To me, it’s like the foundation of a building. The facts/reasons support my faith. It’s like someone driving across the Golden Gate Bridge. They can feel whatever they’d like about the bridge. But it’s the construction/design/materials of the bridge itself that allows them to safely get from one end to the other. In the same way, the objective reality of God–the logical, historical, scientific reasons to believe in his existence, are important to me. There are people who don’t seem to need that. But I hate being fooled, and I have little regard for wishful thinking. The substantiating reasons for God’s existence mattered to me.

My Experience, Part 2 – Further Evidence of God

Since that time, now that I’ve been a Christian for a number of years—-why do I now believe in God? What reasons do I have for continuing to believe in God?

I’m not sure any of these are going to be believable to you. But I’ll try to put that concern aside and be candid with you. Previously my questions were about God’s existence. After beginning a relationship with God, I saw additional evidence that God is real. Such as…

1. When I have questions, concerns, or would like insight on a matter, God speaks to me through the Bible. What he shows me is always perfectly suited to my question, and a better, more satisfying answer than I expected. Here’s an example.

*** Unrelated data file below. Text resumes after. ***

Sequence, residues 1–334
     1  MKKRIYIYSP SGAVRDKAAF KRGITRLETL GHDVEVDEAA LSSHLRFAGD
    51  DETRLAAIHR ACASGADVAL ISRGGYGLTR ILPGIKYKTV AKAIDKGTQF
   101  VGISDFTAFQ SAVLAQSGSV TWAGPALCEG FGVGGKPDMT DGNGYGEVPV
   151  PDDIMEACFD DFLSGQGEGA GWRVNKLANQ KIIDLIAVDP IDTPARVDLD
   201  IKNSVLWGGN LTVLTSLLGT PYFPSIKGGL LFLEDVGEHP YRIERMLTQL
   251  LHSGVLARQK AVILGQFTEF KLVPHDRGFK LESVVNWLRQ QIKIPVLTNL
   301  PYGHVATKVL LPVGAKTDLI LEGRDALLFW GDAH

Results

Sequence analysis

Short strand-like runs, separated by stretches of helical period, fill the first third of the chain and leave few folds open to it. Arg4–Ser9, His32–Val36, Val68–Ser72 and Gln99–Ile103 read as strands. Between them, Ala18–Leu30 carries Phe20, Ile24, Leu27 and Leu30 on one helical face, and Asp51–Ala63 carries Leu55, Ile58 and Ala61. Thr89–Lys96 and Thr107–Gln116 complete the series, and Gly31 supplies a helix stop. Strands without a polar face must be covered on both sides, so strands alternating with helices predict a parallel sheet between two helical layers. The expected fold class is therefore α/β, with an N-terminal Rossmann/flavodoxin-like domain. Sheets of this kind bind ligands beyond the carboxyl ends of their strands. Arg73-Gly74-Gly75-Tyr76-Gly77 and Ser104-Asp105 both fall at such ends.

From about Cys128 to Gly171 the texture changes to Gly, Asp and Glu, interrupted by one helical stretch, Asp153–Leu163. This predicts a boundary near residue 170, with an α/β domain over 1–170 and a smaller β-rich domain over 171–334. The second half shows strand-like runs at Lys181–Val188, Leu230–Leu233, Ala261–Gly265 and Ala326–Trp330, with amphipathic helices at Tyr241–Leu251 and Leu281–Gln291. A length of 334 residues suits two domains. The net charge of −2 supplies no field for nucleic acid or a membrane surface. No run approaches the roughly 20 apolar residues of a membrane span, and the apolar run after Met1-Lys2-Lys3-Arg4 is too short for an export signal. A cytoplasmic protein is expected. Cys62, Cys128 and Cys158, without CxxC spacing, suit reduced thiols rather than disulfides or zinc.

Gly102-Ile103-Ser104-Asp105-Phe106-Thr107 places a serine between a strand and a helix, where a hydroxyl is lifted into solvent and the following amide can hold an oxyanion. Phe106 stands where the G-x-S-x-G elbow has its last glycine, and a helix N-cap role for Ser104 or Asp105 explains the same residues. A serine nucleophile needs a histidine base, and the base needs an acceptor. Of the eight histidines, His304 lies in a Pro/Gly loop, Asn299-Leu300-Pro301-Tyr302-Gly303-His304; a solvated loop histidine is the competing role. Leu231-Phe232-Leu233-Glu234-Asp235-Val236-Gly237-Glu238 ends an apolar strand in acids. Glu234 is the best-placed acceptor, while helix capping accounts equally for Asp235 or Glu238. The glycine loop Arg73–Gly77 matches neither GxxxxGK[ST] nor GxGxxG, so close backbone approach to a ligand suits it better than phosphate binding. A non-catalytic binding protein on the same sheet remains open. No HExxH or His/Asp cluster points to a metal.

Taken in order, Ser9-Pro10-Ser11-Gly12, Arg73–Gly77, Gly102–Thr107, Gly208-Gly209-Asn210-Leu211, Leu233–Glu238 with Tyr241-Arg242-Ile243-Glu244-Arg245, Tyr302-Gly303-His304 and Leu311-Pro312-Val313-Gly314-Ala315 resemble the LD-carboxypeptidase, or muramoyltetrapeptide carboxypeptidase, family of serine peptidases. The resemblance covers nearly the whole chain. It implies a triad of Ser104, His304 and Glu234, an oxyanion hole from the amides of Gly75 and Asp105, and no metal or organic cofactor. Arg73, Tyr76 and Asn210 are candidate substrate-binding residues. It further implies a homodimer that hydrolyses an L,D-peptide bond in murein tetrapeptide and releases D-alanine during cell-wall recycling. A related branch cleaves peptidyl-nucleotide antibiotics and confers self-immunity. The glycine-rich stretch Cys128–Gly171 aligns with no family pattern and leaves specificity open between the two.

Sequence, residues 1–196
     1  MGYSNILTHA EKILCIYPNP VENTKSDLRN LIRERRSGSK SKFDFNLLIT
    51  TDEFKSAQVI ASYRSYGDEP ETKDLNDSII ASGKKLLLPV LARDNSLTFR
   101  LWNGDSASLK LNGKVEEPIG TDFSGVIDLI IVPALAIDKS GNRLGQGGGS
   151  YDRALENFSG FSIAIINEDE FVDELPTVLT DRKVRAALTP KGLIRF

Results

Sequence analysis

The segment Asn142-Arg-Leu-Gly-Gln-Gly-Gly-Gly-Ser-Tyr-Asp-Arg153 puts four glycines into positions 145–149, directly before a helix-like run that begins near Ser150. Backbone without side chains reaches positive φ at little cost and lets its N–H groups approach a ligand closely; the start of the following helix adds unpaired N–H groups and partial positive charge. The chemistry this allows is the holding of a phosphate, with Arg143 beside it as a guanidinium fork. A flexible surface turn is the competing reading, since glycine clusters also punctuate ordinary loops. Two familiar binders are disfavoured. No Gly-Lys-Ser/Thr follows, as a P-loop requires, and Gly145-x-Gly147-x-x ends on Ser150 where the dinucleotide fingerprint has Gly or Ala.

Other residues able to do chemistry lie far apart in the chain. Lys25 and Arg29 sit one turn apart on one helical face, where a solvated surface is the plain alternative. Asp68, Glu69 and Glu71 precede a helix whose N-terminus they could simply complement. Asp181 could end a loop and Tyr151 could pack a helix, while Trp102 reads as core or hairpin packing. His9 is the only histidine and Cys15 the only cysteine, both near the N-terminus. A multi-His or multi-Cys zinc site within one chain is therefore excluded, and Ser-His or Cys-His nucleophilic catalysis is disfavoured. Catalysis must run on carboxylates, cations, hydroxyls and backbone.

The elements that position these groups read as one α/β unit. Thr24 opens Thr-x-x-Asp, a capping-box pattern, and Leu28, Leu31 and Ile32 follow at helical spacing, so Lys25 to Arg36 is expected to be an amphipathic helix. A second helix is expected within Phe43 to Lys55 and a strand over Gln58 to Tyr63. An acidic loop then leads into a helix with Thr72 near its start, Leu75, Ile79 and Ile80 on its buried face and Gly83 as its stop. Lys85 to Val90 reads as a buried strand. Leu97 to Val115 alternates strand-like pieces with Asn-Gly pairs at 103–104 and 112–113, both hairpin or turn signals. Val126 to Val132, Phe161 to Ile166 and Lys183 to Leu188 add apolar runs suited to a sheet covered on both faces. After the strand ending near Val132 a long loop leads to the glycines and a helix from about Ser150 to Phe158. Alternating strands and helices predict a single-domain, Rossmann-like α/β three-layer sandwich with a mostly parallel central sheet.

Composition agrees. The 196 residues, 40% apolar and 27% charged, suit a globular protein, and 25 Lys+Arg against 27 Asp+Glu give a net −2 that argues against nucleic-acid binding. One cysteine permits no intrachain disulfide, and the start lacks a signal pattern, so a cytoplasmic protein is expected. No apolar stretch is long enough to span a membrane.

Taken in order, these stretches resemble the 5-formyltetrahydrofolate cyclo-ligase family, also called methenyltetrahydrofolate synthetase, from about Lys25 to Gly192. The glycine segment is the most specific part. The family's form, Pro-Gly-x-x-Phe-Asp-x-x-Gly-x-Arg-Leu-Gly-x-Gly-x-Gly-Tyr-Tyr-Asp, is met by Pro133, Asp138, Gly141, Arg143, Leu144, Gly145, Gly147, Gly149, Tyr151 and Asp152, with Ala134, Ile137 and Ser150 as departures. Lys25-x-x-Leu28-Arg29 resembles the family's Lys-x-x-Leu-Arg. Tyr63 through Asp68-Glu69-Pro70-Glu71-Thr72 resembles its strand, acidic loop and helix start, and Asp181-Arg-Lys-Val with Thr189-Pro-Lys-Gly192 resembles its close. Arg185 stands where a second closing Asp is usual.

One day, my schedule, deadlines, and obligations were crawling up my neck and tightening their hold. You know that feeling when you’re so overwhelmed, you don’t know what to do first?

So I got out a piece of paper and pen, and asked God: “Just tell me what you want me to do, and I’ll do it.” I was fully prepared for shouldering 100% responsibility, and was basically asking God to just set the priorities, tell me how to approach it all, and I would.

I then opened my Bible and immediately read where Jesus was talking with a man who was blind. Jesus was asking him, “What do you want me to do for you?”

I read it again. Jesus asked: “What do you want me to do for you?” Rather amazed, I picked up my pen and began writing an entirely different list…to God. This, I have found, is characteristic of God. Reminding us that he is there. That he cares, and he’s capable.

I choose that example because it’s brief. But I could cite hundreds of examples where I was asking God a question and he perfectly, thoroughly answered me. It probably is the characteristic of God that I most appreciate and value–that he is willing to answer my questions.